- the name of your corporation
- the date dissolution was authorized; and
- a statement that the proposal to dissolve was duly approved by the shareholders in the manner required by the relevant chapter of the BOC (D.C. Code Section 29-312.03) and by the articles of incorporation.
An articles of dissolution form (Form DBU-7) is available for download from the DCRA website. There is a $220 fee to file the articles. Your filing usually will be processed in about 15 days. Various types of expedited processing are available for additional fees. To request expedite processing, you must completed an Expedited Service Action Form (Form EX-1), which you can also download from the DCRA website. Your filing must have original signatures.
Note that your business name will become available for use by others after dissolution.
Following dissolution, your corporation continues to exist only for the purpose of taking care of certain final matters that, collectively, are known as “winding up” the company. It may be appropriate to designate one or more officers and/or directors to handle the winding up.
Under the BOC, key winding up tasks include:
- collecting the corporation’s assets
- disposing of corporation properties that will not be distributed in kind to shareholders
- discharging or making provision for discharging the corporation’s liabilities; and
- distributing remaining corporation property among shareholders according to their interests.
Regarding the last two listed items, be aware that your corporation’s first obligation is to discharge liabilities. This includes paying all business taxes and creditors. Only then may the corporation distribute remaining assets to shareholders.
Notice to Creditors and Other Claimants
One other key task is giving notice to creditors and other claimants of your corporation’s dissolution. Giving notice is optional. However, doing so will help limit your liability and also allow you to more safely make final distributions to shareholders.
Under the BOC, one way to give notice is by sending a written document directly to known claimants after dissolution. Proper written notice must:
- describe information that must be included in a claim
- provide a mailing address where a claim may be sent
- state the deadline, which may not be fewer than 120 days from the effective date of the written notice, by which the dissolved corporation must receive the claim; and
- state that the claim will be barred if not received by the deadline.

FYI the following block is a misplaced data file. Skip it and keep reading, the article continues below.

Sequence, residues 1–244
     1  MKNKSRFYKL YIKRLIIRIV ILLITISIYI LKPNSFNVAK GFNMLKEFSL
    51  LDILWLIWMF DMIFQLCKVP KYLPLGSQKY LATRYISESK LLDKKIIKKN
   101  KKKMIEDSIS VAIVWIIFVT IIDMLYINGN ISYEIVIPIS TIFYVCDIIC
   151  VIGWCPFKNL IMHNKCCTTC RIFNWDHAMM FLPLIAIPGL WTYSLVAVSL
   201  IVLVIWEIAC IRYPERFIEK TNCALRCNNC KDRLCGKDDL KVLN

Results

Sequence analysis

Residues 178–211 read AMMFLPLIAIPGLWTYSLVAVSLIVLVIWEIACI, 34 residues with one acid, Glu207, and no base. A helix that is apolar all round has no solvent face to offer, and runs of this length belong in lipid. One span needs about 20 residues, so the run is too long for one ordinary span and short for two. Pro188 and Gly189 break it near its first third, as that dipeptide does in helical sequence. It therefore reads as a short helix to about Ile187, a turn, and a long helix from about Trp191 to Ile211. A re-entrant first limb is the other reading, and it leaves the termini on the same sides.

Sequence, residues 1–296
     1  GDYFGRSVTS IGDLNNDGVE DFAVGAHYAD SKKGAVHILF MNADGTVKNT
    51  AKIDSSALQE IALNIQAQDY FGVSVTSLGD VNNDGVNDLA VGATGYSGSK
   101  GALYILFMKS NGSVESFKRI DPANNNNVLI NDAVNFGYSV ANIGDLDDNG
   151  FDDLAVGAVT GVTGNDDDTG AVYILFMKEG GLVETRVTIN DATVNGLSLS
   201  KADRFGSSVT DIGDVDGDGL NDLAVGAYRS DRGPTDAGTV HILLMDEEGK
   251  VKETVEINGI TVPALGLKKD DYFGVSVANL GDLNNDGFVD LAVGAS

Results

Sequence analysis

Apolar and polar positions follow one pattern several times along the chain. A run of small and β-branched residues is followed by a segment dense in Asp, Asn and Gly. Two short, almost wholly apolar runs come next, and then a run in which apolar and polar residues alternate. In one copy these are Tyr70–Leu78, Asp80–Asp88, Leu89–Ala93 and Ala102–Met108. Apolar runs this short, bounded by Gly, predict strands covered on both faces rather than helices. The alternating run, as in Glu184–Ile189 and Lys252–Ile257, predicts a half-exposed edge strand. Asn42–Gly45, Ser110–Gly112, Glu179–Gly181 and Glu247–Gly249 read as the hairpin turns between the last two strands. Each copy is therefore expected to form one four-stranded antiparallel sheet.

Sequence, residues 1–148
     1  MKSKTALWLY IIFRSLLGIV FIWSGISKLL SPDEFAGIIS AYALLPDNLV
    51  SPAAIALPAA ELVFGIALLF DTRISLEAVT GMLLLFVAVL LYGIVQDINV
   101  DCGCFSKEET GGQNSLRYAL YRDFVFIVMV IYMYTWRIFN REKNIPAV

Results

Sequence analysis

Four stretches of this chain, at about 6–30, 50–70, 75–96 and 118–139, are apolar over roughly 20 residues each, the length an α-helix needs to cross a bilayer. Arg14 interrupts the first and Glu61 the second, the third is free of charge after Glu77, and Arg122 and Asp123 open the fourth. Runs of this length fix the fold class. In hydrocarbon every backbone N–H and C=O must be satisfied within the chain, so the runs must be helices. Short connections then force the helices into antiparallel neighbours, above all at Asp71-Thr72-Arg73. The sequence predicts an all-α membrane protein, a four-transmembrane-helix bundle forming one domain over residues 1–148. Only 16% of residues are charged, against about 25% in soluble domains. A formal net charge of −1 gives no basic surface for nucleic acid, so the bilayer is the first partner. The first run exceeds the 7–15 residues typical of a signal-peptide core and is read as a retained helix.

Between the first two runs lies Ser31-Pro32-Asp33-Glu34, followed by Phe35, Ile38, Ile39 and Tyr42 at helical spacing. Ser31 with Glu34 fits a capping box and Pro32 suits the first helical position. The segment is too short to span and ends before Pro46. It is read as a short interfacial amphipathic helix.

You also may give notice to other (unknown) claimants by publishing in a newspaper. As with sending direct notice to known claimants, there are specific rules for giving notice through publication. Generally speaking, claimants have three years after the date of newspaper publication to bring a claim.
Some of the rules for giving notice and responding to claims can be hard to understand. Therefore, if you choose to give claimants notice, you should strongly consider getting assistance from a business attorney.
An S corporation is a corporation that has filed an election with the IRS to have business income, losses, deductions, and credits pass through to individual shareholders for federal tax purposes. Only the shareholders, and not the corporation, pay federal taxes on income from the business. Potential tax issues aside, the process for dissolving and winding up an S corporation is generally the same as dissolving and winding up a traditional corporation.
The District of Columbia does not require that you obtain tax clearance before filing to dissolve your corporation.
For federal tax purposes, check the “final return” box on your IRS Form 1120 (for traditional corporations) or IRS Form 1120S (for S corporations).
Is your corporation registered or qualified to do business in other states? If so, you must file separate forms to terminate your right to conduct business in those states. Depending on the states involved, the form might be called a termination of registration, certificate of termination of existence, application of withdrawal, or certificate of surrender of right to transact business. Failure to file the additional termination forms means you’ll continue to be liable for annual report fees and minimum business taxes.
You can find additional information, such as forms, instructions, mailing addresses and phone numbers, and filing fees, on the DCRA website.
For information on dissolving and winding up corporations formed in other states, check Nolo’s 50-state series on dissolving corporations.
Final Note: Dissolving and winding up your corporation is only one piece of the process of closing your business. For further, general guidance on many of the other steps involved, check Nolo’s 20-point checklist for closing a business and the Nolo article on what you need to know about closing a business.